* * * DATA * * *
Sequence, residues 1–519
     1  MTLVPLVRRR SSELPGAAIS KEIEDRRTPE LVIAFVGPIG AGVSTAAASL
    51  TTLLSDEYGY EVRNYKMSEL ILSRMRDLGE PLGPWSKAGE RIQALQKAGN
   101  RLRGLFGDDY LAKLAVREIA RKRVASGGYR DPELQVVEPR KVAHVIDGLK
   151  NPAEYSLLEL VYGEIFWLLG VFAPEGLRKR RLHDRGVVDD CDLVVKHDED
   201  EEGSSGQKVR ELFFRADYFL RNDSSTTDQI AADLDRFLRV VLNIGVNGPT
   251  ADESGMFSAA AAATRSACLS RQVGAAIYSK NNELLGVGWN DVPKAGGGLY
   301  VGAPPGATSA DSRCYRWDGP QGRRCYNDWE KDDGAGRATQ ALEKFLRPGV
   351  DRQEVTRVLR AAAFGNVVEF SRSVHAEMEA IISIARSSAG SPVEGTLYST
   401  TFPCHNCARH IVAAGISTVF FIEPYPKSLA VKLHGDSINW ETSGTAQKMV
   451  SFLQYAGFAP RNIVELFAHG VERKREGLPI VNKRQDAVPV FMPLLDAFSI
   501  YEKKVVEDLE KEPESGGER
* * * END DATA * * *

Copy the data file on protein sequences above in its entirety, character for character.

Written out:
Sequence, residues 1–519
     1  MTLVPLVRRR SSELPGAAIS KEIEDRRTPE LVIAFVGPIG AGVSTAAASL
    51  TTLLSDEYGY EVRNYKMSEL ILSRMRDLGE PLGPWSKAGE RIQALQKAGN
   101  RLRGLFGDDY LAKLAVREIA RKRVASGGYR DPELQVVEPR KVAHVIDGLK
   151  NPAEYSLLEL VYGEIFWLLG VFAPEGLRKR RLHDRGVVDD CDLVVKHDED
   201  EEGSSGQKVR ELFFRADYFL RNDSSTTDQI AADLDRFLRV VLNIGVNGPT
   251  ADESGMFSAA AAATRSACLS RQVGAAIYSK NNELLGVGWN DVPKAGGGLY
   301  VGAPPGATSA DSRCYRWDGP QGRRCYNDWE KDDGAGRATQ ALEKFLRPGV
   351  DRQEVTRVLR AAAFGNVVEF SRSVHAEMEA IISIARSSAG SPVEGTLYST
   401  TFPCHNCARH IVAAGISTVF FIEPYPKSLA VKLHGDSINW ETSGTAQKMV
   451  SFLQYAGFAP RNIVELFAHG VERKREGLPI VNKRQDAVPV FMPLLDAFSI
   501  YEKKVVEDLE KEPESGGER